In addition to his work in feature films, Jones has enjoyed plenty of success on the small screen, including his turn as Captain Frank Irving on the supernatural procedural "Sleepy Hollow." He also nabbed a recurring role as Mr. Nancy, aka the tricker god Anansi, on the popular Neil Gaiman series "American Gods."

Rhys Ifans played place kicker Nigel Gruff

Nigel Gruff Coach McGinty sideline

Kicker Nigel Gruff, as played by actor Rhys Ifans, isn’t exactly what you’d call athletic — though it’s clear his liver gets a regular workout. The former soccer striker is more what you’d call "wiry." Nigel hails from Cardiff, Wales, and seems as bad at gambling as he is addicted to it. In fact, he’s in so deep that the bookies to whom he owes money threaten to take away his pub. Of course, they can wipe his debt away if he engages in point shaving to impact the score and-or outcome of the game, thereby affecting both the point spread and the money line bets they get from who knows how many of his fellow gamblers.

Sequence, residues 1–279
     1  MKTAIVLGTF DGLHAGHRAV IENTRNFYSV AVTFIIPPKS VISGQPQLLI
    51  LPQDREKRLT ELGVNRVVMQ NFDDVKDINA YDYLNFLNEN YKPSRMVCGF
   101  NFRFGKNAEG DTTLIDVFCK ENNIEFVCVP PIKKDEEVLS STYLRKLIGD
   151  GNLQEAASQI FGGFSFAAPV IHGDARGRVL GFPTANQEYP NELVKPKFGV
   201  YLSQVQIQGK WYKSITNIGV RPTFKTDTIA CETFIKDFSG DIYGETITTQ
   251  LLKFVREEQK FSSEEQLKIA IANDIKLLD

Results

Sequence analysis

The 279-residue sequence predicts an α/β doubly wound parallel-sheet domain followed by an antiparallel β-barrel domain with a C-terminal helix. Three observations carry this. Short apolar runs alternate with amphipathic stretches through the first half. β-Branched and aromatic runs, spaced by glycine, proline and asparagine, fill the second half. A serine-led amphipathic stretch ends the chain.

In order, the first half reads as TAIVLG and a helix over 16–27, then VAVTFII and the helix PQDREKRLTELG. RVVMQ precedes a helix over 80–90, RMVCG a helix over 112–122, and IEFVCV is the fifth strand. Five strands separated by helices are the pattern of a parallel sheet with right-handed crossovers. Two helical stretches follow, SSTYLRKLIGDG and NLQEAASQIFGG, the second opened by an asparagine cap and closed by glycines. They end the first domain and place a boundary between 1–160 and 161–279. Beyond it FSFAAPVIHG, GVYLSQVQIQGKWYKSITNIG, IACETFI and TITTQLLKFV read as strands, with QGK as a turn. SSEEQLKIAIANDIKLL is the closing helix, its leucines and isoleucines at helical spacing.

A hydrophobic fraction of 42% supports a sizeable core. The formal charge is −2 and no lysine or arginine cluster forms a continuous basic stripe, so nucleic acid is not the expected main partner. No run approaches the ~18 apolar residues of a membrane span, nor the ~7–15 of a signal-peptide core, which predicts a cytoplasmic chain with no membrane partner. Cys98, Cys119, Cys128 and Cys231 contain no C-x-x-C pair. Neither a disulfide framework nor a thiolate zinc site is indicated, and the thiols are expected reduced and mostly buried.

Three months after the release of "The Replacements," Ifans appeared alongside another talented cast, taking on the role of Adrian, one of the sons of Satan in Adam Sandler’s "Little Nicky." In 2001, he took on the role of Iki, a club owner who also deals in drugs and guns in "The 51st State," which starred Samuel L. Jackson as a revolutionary drug chemist and was alternately titled "Formula 51."